- Bipolar stepper motor NEMA 17 with step angle 1.8°/200, 44 oz-in (torque), and 1200 mA (max. current) for the nosepiece turret objective changer. In this case, the customized adapter consists of a cogwheel pair—made by 3D printing.
- Optical limit switch for controlling the motors’ homing motions.
2.3. Programmable Illumination
- Brightfield: This is the classical illumination modality used for diatom observation. The light is transmitted in a parallel direction from the source to the objective through the specimen under observation. The structures that absorb enough light are observed as darker than the bright background.
- Concentric oblique brightfield: In this illumination modality, the light cone is altered, so the central area is masked. Therefore, the specimen is illuminated only by a concentric oblique annular light.
- Eccentric oblique brightfield: When the illumination has a definite direction, the lateral resolution is improved. Furthermore, the three-dimensional nature of specimens is accentuated.
2.4. Computational Hardware
2.5. Automatic Slide Scanning
- Motor calibration: Stage and focus motions are achieved by controlling the stepper motors linked to the X-Y knobs in the stage and the focus Z axis. An essential aspect for the microscope’s automation is to calibrate these motors to establish the rate of X-Y and Z displacement corresponding to a single turn step of each motor.
- Image calibration: This establishes the relation between image pixels and the true distance (i.e., pixels/μm), also known as image resolution. This calibration is carried out by using a scaled slide with a known distance between consecutive divisions. Image calibration is used later to add a ruler on the image corresponding to the scale of the displayed specimens in the slide. Table 1 shows how image spatial resolution and FOV size are affected by the objective magnification.
- Scanning: Since it is impossible to observe the whole slide in a single FOV, it is imperative to look over the entire slide, taking successive captures (i.e., scanning the slide). There are several strategies to deal with the scanning of the slide depending on: (a) the position of successive captures at each FOV center and (b) the path followed to reach consecutive points for image acquisition. Figure 6 illustrates three possible strategies. In Figure 6a, the whole slide is divided into an array of FOVs covered by a snake-by-row path. Figure 6b shows a row-by-row path with image acquisition in the same direction. Finally, Figure 6c shows scanning based on regions of interest (ROIs) covered by a heuristic path driven by the closest uncovered FOV. This third strategy could be appropriate in cases with very few ROIs where their discovery is compensated by the time saved in acquiring fewer images. The design of an optimal scanning strategy should consider the extra time needed for the steady stop of the stage to avoid blurry images. It is important to notice the inherent difficulty in controlling the two stepper motors simultaneously—corresponding to X-Y motions—to obtain the desired trajectory.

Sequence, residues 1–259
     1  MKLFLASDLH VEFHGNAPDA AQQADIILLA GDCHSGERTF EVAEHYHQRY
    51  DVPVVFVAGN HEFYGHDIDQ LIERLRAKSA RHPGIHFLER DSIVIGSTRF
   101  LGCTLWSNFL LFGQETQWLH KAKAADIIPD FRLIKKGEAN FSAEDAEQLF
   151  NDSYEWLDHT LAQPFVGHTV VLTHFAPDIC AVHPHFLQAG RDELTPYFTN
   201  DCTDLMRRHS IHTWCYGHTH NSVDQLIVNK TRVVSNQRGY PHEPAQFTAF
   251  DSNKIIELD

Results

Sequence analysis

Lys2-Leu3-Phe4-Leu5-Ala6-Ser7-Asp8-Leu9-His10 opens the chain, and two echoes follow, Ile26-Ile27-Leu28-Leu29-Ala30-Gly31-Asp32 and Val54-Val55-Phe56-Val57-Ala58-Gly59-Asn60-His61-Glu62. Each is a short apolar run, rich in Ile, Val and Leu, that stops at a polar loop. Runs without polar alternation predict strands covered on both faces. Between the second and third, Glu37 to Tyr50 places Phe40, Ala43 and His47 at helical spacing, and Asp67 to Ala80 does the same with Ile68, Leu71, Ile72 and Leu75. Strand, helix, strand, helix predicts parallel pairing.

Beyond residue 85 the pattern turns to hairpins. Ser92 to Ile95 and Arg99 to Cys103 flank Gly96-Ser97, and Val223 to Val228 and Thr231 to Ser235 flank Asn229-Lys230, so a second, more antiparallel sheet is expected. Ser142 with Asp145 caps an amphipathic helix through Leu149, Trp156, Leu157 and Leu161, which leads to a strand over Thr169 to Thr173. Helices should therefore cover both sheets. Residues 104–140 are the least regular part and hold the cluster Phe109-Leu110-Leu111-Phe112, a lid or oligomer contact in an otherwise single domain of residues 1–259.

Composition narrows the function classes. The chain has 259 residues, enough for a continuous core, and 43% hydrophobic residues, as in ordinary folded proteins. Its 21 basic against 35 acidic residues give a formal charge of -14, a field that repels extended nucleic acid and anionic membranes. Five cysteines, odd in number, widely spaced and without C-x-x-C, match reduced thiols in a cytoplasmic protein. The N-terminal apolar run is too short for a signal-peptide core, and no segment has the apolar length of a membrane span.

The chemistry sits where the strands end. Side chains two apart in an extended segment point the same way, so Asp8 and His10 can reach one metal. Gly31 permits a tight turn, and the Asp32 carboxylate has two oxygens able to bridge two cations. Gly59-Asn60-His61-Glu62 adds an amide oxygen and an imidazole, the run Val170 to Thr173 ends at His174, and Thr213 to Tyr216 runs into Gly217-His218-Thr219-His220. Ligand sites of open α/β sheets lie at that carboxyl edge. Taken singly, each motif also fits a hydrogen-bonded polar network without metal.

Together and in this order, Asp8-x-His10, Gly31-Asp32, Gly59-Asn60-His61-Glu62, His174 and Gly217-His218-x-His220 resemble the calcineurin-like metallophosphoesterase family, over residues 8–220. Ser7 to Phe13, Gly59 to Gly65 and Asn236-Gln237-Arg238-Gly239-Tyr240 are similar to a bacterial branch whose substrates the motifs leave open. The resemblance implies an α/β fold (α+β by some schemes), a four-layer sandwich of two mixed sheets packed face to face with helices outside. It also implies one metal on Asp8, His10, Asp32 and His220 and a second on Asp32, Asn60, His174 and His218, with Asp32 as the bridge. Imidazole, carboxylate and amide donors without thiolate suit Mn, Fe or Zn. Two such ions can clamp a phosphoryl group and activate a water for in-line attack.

- Autofocus: Automatic scanning relies on capturing multiple images over one single slide. As the FOV changes from one capture to the other, dynamic focus adaptation is eventually needed. There are different methods to measure the focus level in an image based on calculating gradients (i.e., derivative operators) over the image. The idea underlying autofocus algorithms based on derivative operators is that focused images have fewer levels of grey variability (i.e., sharper edges) and therefore higher frequency components than unfocused images.The variance of Laplacian has demonstrated its feasibility to validate in-focus diatom observation in such a way that the focus is much better when its calculated value is higher for the image [31,33,34,54,55,56]. The Laplacian operator is calculated by convoluting the kernel over the image (with being the width and height in pixels of the image I). Then:After applying the operator to an image, a new array is obtained. Then, the value of the variance is computed for this new array by using the following equations:Based on the focus value (e.g., variance of Laplacian), it is necessary to define a strategy to reach the optimal focal position (Z) after an X-Y stage motion. The first type of strategies is based in a global search over a stack of images focused at different distances to select the image with the maximum focus value (i.e., the best focused image). These strategies find the best focused image and also allow fusing a selected sub-stack to obtain a final all-in-focus image. This possibility is very interesting in microscopy to obtain better quality on images with several acquired ROIs at different focal planes [9,13,35]. However, these strategies are not appropriate when the response is time critical and the computing resources are quite limited. For automatic sequential scanning, this constitutes a valid approach since usually, there is very limited defocusing between consecutive patches; hence, a limited focal stack size usually includes the interesting images.Other types of strategies are motivated by reducing the time and stack size to find the image with the best focus (e.g., maximizing the number of ROIs in focus). These strategies are based on optimization methods to estimate some extreme point of a function (e.g., maximum of a focus function) [32,35,36,57].